Turning a real world problem into a Markov Decision Problem is almost identical to turning a real world problem into a Deterministic Search Problem. The main difference is that for a MDP instead of specifying the successor of a (state, action) pair, you specify a probability distribution over successor states.
It is important to be precise about the assumptions that still exist in MDPs, in addition to the Markov assuption. Markov Decision Problems assume that (a) the world exists in discrete states, (b) the start state is known and (c) we know the legal moves from any state. These do not always fit perfectly to the real world, but allow for a computer to create and search the corresponding decision tree.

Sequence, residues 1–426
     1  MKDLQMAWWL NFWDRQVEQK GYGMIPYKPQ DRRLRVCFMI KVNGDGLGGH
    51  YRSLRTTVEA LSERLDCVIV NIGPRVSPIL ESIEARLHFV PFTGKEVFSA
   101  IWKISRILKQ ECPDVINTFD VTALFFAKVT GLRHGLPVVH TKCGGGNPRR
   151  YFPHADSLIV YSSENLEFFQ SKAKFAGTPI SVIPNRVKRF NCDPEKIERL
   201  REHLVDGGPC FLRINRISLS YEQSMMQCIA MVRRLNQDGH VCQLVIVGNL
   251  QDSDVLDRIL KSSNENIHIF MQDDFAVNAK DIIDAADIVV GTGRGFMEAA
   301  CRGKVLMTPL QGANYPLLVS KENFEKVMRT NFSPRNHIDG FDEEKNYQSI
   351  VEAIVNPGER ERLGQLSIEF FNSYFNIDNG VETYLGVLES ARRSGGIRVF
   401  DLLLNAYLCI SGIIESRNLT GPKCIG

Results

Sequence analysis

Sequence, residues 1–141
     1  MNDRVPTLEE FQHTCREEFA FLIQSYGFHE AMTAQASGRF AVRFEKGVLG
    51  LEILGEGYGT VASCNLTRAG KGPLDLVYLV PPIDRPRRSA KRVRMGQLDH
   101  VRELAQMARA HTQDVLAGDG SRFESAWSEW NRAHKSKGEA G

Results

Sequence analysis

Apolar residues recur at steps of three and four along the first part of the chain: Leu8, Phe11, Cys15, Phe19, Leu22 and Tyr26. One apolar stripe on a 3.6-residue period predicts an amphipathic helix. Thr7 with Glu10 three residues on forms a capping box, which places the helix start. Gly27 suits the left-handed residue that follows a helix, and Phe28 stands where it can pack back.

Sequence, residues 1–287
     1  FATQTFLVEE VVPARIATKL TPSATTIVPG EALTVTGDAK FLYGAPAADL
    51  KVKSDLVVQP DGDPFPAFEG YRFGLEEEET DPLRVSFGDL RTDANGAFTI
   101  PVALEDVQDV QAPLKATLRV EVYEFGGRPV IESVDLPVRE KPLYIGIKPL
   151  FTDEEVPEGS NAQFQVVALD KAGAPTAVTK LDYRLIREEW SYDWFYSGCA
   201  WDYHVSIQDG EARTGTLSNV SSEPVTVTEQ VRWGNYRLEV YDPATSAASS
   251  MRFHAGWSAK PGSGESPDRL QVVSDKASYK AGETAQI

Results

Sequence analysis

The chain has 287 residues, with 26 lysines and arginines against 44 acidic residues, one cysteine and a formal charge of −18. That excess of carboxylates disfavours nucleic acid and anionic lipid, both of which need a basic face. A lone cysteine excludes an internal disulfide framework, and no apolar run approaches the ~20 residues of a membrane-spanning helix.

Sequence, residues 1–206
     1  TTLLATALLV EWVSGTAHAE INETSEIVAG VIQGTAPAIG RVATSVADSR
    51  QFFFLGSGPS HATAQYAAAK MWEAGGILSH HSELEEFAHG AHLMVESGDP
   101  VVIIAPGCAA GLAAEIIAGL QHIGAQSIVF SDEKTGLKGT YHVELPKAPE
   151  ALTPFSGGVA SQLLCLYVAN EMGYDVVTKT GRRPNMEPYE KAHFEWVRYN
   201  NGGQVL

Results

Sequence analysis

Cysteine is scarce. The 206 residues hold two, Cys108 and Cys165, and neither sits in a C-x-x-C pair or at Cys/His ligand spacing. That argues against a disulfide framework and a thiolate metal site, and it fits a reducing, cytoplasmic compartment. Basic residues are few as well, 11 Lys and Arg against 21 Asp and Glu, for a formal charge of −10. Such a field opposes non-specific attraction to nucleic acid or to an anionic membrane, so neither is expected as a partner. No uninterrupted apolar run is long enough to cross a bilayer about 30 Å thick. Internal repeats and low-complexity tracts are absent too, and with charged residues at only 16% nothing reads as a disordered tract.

One useful limitation to place on our models is to make sure that they have a "finite horizon." Put simply, it is useful if the state search tree (the one that your formulation describes) is not infinetly deep. If you describe a Markov Decision problem with an infinite horizon, you will need a more specialized solver.
Here is an example MDP expressed as a tree. In this example the agent (Snowden) is in a deterministic state, and can take actions from a discrete set (eg fly to Moscow). However the resulting states (eg be in Moscow) after he takes an action occur with given probabilities: